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    William Shakespeare - Sonnet 12 - John Gielgud

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    poetictouch

    by poetictouch

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    Sir John Gielgud reads Shakespeare's Sonnet 12

    Sonnet 12
    by William Shakespeare (1564-1616)

    When I do count the clock that tells the time,
    And see the brave day sunk in hideous night;
    When I behold the violet past prime,
    And sable curls all silvered o'er with white;
    When lofty trees I see barren of leaves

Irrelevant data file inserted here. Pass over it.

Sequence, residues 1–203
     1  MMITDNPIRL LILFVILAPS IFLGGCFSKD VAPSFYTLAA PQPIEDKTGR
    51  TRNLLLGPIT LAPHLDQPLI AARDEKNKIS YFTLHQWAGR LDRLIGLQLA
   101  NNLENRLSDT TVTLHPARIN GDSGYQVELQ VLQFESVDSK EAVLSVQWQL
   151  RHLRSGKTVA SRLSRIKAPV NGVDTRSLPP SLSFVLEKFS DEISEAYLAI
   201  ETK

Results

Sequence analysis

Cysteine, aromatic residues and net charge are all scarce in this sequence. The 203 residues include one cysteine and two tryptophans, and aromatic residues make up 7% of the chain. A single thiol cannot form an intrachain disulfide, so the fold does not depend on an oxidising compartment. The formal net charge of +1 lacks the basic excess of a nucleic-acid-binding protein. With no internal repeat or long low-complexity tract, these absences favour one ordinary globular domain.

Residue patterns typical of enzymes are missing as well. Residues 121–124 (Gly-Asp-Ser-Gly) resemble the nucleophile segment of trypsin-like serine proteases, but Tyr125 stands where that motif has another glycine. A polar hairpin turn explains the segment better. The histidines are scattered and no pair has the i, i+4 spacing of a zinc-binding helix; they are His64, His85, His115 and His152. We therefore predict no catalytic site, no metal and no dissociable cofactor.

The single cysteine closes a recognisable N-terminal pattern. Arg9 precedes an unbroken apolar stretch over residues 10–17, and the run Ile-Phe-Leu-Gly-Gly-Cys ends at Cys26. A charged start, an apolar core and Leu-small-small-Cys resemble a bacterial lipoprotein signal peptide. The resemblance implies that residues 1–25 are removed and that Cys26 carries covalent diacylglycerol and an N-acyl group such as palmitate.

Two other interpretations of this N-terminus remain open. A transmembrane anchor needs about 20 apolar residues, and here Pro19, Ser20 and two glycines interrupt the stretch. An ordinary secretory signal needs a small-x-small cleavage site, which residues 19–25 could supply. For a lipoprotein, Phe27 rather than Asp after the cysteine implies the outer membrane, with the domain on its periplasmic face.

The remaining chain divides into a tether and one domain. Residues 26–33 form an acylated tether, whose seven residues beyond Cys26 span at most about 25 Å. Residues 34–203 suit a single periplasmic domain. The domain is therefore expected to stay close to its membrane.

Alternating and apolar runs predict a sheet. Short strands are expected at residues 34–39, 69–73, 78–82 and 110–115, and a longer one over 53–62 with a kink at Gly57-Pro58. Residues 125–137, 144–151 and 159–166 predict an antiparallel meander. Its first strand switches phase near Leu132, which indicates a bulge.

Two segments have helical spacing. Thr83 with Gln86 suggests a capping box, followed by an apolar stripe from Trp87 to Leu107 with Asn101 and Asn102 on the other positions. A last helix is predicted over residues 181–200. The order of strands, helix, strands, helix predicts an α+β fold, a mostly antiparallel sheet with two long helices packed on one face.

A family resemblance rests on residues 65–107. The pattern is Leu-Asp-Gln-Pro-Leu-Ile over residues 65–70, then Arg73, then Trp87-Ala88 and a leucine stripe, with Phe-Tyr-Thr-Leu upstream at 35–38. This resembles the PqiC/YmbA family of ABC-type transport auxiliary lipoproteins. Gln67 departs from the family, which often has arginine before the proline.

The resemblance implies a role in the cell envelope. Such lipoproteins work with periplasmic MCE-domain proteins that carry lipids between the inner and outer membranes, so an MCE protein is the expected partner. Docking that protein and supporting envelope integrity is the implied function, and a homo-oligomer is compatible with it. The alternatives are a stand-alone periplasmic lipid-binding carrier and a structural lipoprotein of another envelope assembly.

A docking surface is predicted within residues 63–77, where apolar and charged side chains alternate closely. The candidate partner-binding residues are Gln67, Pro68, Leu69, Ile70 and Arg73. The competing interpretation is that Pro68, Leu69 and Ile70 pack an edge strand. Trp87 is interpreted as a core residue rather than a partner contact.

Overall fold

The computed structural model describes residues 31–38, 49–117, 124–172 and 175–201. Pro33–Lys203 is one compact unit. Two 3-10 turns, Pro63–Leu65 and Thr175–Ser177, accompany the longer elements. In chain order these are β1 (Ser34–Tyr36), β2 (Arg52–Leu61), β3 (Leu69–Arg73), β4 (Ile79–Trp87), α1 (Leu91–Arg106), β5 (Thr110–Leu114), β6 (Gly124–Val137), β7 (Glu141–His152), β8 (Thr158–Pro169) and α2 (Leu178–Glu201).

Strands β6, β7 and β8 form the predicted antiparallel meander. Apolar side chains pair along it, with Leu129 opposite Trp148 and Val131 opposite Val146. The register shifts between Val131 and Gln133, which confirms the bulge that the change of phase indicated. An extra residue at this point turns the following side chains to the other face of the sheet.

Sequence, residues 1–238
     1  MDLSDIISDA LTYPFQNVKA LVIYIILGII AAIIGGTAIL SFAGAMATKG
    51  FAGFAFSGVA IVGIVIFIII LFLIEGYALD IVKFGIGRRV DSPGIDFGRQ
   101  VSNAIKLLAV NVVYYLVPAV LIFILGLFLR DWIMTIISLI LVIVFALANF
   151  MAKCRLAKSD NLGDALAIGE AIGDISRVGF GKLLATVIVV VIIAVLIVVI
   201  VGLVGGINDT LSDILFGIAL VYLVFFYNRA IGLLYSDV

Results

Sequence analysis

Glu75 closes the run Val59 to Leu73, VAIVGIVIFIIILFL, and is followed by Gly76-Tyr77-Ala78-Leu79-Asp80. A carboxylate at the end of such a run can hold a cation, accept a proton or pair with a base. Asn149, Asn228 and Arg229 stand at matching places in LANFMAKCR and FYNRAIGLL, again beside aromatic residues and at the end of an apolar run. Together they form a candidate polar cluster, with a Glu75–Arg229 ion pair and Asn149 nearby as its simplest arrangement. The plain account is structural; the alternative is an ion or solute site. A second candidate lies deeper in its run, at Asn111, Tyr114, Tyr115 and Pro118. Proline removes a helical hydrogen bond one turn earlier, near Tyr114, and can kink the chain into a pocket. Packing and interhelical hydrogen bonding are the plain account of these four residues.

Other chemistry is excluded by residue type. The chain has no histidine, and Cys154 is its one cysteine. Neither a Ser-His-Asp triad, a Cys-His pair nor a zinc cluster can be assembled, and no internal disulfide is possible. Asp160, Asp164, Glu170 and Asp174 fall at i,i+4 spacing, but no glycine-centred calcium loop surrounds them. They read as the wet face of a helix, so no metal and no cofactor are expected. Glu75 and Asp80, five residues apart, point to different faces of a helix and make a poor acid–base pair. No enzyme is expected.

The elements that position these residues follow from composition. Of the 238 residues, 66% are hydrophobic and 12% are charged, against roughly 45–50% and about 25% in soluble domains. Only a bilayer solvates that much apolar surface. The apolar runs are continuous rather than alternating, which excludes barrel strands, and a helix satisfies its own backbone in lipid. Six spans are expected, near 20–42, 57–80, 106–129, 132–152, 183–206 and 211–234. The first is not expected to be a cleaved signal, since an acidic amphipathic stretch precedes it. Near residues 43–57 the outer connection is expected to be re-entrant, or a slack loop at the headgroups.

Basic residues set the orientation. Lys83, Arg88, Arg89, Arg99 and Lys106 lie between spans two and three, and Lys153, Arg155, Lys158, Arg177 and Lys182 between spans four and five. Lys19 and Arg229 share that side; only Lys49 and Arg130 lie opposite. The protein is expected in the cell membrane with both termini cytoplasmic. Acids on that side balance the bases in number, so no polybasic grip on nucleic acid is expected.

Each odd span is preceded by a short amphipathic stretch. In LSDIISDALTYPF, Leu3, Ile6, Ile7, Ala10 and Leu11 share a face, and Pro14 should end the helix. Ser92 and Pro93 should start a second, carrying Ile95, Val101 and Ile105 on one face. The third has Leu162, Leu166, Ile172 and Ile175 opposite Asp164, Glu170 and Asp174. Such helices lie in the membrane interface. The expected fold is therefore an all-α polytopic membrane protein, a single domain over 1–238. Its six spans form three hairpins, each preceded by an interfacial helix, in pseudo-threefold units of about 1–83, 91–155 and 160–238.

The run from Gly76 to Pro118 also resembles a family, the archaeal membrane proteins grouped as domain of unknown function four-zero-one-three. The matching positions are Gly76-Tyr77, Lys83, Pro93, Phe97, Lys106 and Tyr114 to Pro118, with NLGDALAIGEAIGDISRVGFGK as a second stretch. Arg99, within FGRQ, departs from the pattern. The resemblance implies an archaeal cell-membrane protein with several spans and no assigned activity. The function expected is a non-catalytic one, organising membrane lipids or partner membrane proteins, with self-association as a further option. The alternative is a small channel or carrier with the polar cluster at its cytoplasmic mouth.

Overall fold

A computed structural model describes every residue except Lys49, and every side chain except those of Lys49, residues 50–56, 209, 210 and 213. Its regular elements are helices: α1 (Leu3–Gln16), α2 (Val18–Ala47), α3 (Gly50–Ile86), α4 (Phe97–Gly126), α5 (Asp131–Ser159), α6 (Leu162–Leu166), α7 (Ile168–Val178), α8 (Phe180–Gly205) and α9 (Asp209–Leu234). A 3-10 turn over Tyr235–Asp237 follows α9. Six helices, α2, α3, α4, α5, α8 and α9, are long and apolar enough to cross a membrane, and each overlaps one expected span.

Which erst from heat did canopy the herd,
    And summer's green all girded up in sheaves
    Borne on the bier with white and bristly beard,
    Then of thy beauty do I question make,
    That thou among the wastes of time must go,
    Since sweets and beauties do themselves forsake
    And die as fast as they see others grow;
    And nothing 'gainst Time's scythe can make defence
    Save breed, to brave him when he takes thee hence.